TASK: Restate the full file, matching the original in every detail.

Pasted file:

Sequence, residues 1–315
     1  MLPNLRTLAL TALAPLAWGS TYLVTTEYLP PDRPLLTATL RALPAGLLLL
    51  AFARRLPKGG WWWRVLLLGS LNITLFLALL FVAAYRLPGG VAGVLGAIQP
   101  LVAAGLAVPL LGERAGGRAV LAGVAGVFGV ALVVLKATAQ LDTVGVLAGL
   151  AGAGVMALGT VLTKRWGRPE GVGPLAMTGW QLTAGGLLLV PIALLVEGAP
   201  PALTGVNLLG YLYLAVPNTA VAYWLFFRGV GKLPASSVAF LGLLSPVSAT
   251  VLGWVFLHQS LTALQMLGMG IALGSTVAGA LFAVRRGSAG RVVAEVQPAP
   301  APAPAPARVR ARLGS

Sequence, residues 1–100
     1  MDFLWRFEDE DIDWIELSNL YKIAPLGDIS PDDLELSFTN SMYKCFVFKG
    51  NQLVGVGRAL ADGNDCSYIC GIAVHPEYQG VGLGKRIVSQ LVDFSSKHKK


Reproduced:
Sequence, residues 1–315
     1  MLPNLRTLAL TALAPLAWGS TYLVTTEYLP PDRPLLTATL RALPAGLLLL
    51  AFARRLPKGG WWWRVLLLGS LNITLFLALL FVAAYRLPGG VAGVLGAIQP
   101  LVAAGLAVPL LGERAGGRAV LAGVAGVFGV ALVVLKATAQ LDTVGVLAGL
   151  AGAGVMALGT VLTKRWGRPE GVGPLAMTGW QLTAGGLLLV PIALLVEGAP
   201  PALTGVNLLG YLYLAVPNTA VAYWLFFRGV GKLPASSVAF LGLLSPVSAT
   251  VLGWVFLHQS LTALQMLGMG IALGSTVAGA LFAVRRGSAG RVVAEVQPAP
   301  APAPAPARVR ARLGS

Sequence, residues 1–100
     1  MDFLWRFEDE DIDWIELSNL YKIAPLGDIS PDDLELSFTN SMYKCFVFKG
    51  NQLVGVGRAL ADGNDCSYIC GIAVHPEYQG VGLGKRIVSQ LVDFSSKHKK